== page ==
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Domestic Violence and Alcohol: What Is Known and What Do We Need To Know To Encourage Environmental Interventions (From Alcohol & Crime: Research and Practice for Prevention, Alcohol Policy 12 Conference)

NCJ Number
Kenneth Leonard
Date Published
23 pages
This article examines the literature on the effects of alcohol on violent behavior in general and on domestic violence in particular.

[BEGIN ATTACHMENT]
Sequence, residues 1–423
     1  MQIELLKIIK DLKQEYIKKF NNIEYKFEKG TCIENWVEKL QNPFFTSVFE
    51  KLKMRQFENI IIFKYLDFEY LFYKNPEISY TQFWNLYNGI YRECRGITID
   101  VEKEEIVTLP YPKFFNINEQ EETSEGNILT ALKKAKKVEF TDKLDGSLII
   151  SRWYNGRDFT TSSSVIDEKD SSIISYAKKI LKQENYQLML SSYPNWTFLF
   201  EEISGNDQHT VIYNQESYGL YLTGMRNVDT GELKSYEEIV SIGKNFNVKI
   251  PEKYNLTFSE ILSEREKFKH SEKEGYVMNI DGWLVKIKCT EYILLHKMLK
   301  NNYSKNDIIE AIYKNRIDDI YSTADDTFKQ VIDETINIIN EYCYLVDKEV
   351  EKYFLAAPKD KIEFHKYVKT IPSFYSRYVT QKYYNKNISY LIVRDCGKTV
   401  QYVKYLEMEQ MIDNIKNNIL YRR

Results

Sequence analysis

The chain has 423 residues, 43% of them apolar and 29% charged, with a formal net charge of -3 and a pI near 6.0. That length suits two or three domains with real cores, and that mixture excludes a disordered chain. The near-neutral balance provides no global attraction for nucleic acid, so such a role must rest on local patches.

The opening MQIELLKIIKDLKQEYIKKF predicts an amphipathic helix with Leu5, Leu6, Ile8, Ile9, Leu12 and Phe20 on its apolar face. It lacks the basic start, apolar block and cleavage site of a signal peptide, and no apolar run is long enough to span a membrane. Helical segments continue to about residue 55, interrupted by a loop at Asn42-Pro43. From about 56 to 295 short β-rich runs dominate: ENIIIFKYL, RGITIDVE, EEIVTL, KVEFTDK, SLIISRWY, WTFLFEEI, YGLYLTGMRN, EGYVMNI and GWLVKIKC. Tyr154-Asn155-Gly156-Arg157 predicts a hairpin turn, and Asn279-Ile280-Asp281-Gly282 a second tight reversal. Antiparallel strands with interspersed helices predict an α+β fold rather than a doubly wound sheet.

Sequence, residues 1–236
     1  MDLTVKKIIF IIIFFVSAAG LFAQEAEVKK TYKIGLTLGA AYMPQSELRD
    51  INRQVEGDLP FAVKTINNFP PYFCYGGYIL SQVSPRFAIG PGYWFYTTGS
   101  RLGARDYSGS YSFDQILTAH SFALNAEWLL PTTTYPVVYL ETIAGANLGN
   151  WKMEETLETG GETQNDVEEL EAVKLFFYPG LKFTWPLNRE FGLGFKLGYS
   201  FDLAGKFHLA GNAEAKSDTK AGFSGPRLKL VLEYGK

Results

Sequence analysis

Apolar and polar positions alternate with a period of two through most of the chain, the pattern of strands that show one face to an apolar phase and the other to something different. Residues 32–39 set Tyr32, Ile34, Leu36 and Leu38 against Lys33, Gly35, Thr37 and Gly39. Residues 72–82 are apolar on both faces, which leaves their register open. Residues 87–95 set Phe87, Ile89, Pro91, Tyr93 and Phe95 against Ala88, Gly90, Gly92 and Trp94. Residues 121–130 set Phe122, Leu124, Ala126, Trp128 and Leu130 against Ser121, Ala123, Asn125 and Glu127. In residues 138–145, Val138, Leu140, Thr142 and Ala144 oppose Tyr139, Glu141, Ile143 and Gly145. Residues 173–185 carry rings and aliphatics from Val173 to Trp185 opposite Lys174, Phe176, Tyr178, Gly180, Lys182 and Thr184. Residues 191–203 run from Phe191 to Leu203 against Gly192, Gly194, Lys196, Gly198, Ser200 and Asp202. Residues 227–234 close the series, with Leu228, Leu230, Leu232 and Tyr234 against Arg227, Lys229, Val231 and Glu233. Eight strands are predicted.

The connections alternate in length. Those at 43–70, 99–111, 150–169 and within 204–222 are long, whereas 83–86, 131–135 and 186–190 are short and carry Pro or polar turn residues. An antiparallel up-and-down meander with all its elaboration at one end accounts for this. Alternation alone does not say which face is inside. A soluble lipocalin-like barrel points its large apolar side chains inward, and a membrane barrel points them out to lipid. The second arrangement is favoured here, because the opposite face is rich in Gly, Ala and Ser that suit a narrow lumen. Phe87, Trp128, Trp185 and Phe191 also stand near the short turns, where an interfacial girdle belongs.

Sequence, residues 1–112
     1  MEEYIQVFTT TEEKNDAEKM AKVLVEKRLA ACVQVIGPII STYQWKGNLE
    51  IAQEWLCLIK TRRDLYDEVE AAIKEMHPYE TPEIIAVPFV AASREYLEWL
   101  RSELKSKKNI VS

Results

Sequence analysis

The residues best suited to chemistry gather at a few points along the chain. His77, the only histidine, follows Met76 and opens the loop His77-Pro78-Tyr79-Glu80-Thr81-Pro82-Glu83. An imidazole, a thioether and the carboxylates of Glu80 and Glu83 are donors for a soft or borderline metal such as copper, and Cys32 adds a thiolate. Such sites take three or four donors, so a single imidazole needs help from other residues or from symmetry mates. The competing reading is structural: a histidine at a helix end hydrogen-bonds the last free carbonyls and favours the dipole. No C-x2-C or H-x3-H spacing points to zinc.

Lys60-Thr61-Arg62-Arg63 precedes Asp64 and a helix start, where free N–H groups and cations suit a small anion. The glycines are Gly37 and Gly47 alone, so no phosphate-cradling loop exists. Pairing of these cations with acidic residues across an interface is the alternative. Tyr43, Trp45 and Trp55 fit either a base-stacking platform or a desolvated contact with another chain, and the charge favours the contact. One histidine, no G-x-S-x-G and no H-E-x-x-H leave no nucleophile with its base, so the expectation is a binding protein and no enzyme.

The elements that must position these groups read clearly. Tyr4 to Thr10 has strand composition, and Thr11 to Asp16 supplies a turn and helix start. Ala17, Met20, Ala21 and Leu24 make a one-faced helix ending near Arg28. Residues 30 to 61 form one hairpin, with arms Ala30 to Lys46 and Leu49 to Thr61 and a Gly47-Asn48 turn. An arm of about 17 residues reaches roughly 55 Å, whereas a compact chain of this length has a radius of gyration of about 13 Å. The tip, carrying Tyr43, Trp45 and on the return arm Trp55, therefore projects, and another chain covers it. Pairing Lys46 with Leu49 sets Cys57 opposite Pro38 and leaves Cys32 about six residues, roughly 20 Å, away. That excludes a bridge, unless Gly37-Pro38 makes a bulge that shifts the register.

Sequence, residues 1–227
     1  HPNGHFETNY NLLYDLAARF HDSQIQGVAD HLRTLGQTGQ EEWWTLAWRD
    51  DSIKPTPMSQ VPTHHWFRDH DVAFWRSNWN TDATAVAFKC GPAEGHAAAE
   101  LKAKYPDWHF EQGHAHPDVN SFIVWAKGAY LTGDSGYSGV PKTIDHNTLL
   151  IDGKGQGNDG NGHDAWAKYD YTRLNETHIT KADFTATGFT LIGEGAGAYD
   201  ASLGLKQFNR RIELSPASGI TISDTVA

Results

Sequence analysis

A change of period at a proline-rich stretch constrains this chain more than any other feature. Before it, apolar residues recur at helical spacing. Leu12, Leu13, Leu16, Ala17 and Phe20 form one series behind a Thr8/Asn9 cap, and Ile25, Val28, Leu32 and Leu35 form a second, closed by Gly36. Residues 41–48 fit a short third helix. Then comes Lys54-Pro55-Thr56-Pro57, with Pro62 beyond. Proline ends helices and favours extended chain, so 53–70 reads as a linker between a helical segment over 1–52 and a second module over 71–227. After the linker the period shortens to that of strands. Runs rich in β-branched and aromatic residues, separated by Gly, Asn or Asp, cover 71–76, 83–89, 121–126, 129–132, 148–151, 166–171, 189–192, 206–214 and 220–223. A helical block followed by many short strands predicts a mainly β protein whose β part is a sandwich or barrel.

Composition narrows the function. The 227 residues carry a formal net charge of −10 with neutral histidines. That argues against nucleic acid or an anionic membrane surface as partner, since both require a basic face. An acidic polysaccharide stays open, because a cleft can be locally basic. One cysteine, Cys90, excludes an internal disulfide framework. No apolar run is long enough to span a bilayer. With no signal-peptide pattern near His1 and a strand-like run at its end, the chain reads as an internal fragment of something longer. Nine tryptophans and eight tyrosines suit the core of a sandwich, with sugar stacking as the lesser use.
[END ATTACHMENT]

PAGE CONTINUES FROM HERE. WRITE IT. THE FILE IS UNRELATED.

Domestic violence is often associated with drunkenness and alcoholism. Although the reasons for this association are not entirely understood, domestic violence researchers have argued that alcohol is simply an excuse for violence. More recently, alcohol researchers have argued that alcohol is one of many contributing causes of violence. This article attempts to determine if there is a relationship between alcohol and domestic violence and, if there is, whether the relationship is causal. The article also examines the role, if any, of alcohol consumption by the victim. Most important, it attempts to determine what alcohol policy strategies can be used to prevent or ameliorate domestic violence. The article concludes that alcohol intervention/prevention should focus on men in the early stages of aggressive behavior, at a time before the violence has become entrenched, and should include goals of reduced intoxication and management of anger/conflict. For more severe populations, alcohol interventions might have a beneficial impact in the context of other intensive interventions. Figure, bibliography